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Atmospheric Measurement Techniques An interactive open-access journal of the European Geosciences Union
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Volume 7, issue 5
Atmos. Meas. Tech., 7, 1487-1507, 2014
https://doi.org/10.5194/amt-7-1487-2014
© Author(s) 2014. This work is distributed under
the Creative Commons Attribution 3.0 License.
Atmos. Meas. Tech., 7, 1487-1507, 2014
https://doi.org/10.5194/amt-7-1487-2014
© Author(s) 2014. This work is distributed under
the Creative Commons Attribution 3.0 License.

Research article 28 May 2014

Research article | 28 May 2014

Volcanic ash detection with infrared limb sounding: MIPAS observations and radiative transfer simulations

S. Griessbach1, L. Hoffmann1, R. Spang2, and M. Riese2 S. Griessbach et al.
  • 1Jülich Supercomputing Centre (JSC), Forschungszentrum Jülich GmbH, 52428 Jülich, Germany
  • 2Institute of Energy and Climate Research (IEK-7), Forschungszentrum Jülich GmbH, 52428 Jülich, Germany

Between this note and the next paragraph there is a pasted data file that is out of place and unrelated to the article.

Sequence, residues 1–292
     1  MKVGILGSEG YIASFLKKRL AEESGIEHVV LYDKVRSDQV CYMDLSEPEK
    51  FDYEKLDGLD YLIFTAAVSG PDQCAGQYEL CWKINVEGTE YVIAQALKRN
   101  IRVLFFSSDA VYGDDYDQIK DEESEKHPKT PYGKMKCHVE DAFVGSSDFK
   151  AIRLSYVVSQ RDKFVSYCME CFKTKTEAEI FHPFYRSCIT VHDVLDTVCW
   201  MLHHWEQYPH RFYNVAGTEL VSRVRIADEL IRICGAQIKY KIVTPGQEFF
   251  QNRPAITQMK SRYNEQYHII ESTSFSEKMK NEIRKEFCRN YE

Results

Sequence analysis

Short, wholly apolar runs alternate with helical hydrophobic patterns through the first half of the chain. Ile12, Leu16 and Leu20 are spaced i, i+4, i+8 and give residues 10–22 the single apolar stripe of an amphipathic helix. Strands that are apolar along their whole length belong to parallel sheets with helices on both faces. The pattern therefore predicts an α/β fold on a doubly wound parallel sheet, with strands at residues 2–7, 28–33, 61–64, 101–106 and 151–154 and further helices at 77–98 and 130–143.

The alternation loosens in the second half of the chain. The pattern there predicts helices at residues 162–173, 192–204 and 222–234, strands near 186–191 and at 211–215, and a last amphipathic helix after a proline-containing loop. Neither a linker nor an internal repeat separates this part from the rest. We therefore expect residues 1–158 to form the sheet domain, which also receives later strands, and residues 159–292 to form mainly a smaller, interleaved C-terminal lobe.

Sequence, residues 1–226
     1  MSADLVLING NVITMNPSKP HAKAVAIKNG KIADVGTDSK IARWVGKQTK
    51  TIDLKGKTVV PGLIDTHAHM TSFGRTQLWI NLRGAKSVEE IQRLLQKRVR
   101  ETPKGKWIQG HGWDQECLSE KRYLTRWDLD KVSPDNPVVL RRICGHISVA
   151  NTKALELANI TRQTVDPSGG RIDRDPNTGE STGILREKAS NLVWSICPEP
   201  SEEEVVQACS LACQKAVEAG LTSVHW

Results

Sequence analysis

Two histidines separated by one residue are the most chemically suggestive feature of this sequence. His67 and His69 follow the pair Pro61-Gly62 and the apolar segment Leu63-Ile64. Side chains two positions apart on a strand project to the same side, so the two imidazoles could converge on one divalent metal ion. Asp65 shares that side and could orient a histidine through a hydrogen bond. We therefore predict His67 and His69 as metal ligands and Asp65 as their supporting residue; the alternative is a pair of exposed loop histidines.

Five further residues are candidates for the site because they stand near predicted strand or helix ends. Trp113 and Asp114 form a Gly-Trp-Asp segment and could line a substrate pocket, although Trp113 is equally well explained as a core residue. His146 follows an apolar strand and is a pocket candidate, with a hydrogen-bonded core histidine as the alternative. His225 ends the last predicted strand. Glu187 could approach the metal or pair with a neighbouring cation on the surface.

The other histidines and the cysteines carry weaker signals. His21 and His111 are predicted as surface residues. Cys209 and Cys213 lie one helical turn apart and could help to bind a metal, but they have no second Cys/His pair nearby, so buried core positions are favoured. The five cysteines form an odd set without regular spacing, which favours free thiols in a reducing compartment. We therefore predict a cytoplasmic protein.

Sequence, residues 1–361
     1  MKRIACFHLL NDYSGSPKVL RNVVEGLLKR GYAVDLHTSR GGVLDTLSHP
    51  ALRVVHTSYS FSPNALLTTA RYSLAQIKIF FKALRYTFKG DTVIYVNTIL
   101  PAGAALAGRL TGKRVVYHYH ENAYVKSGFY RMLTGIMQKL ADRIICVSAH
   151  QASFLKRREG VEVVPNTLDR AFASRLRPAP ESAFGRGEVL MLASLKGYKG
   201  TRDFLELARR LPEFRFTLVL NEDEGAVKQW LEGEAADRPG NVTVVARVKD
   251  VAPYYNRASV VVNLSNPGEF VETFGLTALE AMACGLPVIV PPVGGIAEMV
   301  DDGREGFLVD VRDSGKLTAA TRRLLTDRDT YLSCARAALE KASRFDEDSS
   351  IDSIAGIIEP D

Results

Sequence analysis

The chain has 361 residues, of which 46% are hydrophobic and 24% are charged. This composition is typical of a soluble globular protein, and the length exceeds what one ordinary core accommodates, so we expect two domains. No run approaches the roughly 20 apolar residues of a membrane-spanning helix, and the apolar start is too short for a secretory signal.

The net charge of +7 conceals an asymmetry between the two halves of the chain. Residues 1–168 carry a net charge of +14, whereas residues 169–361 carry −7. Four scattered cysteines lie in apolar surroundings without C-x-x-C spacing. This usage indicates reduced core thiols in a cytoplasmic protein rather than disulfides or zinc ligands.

Abstract. Small volcanic ash particles have long residence times in the troposphere and the stratosphere so that they have significant impact on the Earth's radiative budget and consequently affect climate. For global long-term observations of volcanic aerosol, infrared limb measurements provide excellent coverage, sensitivity to thin aerosol layers, and altitude information. The optical properties of volcanic ash and ice particles, derived from micro-physical properties, have opposing spectral gradients between 700 and 960 cm−1 for small particle sizes. Radiative transfer simulations that account for single scattering showed that the opposing spectral gradients directly transfer to infrared limb spectra. Indeed, we found the characteristic spectral signature, expected for volcanic ash, in measurements of the Michelson Interferometer for Passive Atmospheric Sounding (MIPAS) after the eruption of the Chilean volcano Puyehue-Cordón Caulle in June 2011. From these measurements we derived an ash detection threshold function. The empirical ash detection threshold was confirmed in an extensive simulations study covering a wide range of atmospheric conditions, particle sizes and particle concentrations for ice, volcanic ash and sulfate aerosol. From the simulations we derived the upper detectable effective radius of 3.5 μm and the detectable extinction coefficient range of 5 × 10−3 to 1 × 10−1 km−1. We also showed that this method is only sensitive to volcanic ash particles, but not to volcanic sulfate aerosol. This volcanic ash detection method for infrared limb measurements is a fast and reliable method and provides complementary information to existing satellite aerosol products.

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